"But even you," it is retorted, "cultivate virtue for no other reason than because you hope for some pleasure from it." But, in the first place, even though virtue is sure to bestow pleasure, it is not for this reason that virtue is sought; for it is not this, but something more than this that she bestows, nor does she labor for this, but her labor, while directed toward something else, achieves this also. As in a plowed field, which has been broken up for corn, some flowers will spring up here and there, yet it was not for these poor little plants, although they may please the eye, that so much toil was expended — the sower had a different purpose, these were superadded — just so pleasure is neither the cause nor the reward of virtue, but its by-product, and we do not accept virtue because she delights us, but if we accept her, she also delights us. The highest good lies in the very choice of it, and the very attitude of a mind made perfect, and when the mind has completed its course and fortified itself within its own bounds, the highest good has now been perfected, and nothing further is desired; for there can no more be anything outside of the whole than there can be some point beyond the end. Therefore you blunder when you ask what it is that makes me seek virtue; you are looking for something beyond the supreme. Do you ask what it is that I seek in virtue? Only herself. For she offers nothing better — she herself is her own reward. Or does this seem to you too small a thing? When I say to you, "The highest good is the inflexibility of an unyielding mind, its foresight, its sublimity, its soundness, its freedom, its harmony, its beauty, do you require of me something still greater to which these blessings may be ascribed?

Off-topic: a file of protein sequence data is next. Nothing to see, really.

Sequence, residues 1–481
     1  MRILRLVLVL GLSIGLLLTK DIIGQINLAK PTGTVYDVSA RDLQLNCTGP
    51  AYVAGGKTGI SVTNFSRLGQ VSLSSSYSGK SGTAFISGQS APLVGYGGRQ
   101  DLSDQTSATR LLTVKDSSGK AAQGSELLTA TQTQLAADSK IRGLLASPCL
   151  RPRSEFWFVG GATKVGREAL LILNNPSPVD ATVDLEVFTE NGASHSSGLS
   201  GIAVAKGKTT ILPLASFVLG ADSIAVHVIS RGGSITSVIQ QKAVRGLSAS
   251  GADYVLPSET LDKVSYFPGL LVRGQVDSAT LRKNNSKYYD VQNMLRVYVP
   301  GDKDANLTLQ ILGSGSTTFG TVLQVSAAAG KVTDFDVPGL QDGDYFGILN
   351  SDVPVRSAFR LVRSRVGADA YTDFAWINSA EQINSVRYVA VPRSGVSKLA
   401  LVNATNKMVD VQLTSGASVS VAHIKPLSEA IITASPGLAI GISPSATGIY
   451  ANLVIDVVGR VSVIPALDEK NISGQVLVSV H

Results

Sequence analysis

Why do you mention to me pleasure? It is the good of man that I am searching for, not that of his belly — the belly of cattle and wild beasts is more roomy!
"You are misrepresenting what I say," you retort; "for I admit that no man can live pleasantly without at the same time living virtuously as well, and this is patently impossible for dumb beasts and for those who measure their good by mere food. Distinctly, I say, and openly I testify that the life that I denominate pleasant is impossible without the addition of virtue." Yet who does not know that those who are most apt to be filled with your sort of pleasure are all the greatest fools, and that wickedness abounds in enjoyments, and that the mind itself supplies many kinds of pleasure that are vicious? Foremost are haughtiness, a too high opinion of one's self and a puffed-up superiority to others, a blind and unthinking devotion to one's own interests, dissolute luxury, extravagant joy springing from very small and childish causes, and, besides a biting tongue and the arrogance that takes pleasure in insults, sloth, and the degeneracy of a sluggish mind that falls asleep over itself. All these things Virtue tosses aside, and she plucks the ear, and appraises pleasures before she permits them, and those that she approves she sets no great store by or even just permits them, and it is not her use of them, but her temperance that gives her joy. Since, however, temperance reduces our pleasures, injury results to your highest good. You embrace pleasure, I enchain her; you enjoy pleasure, I use it; you think it the highest good, I do not think it even a good; you do everything for the sake of pleasure, I, nothing.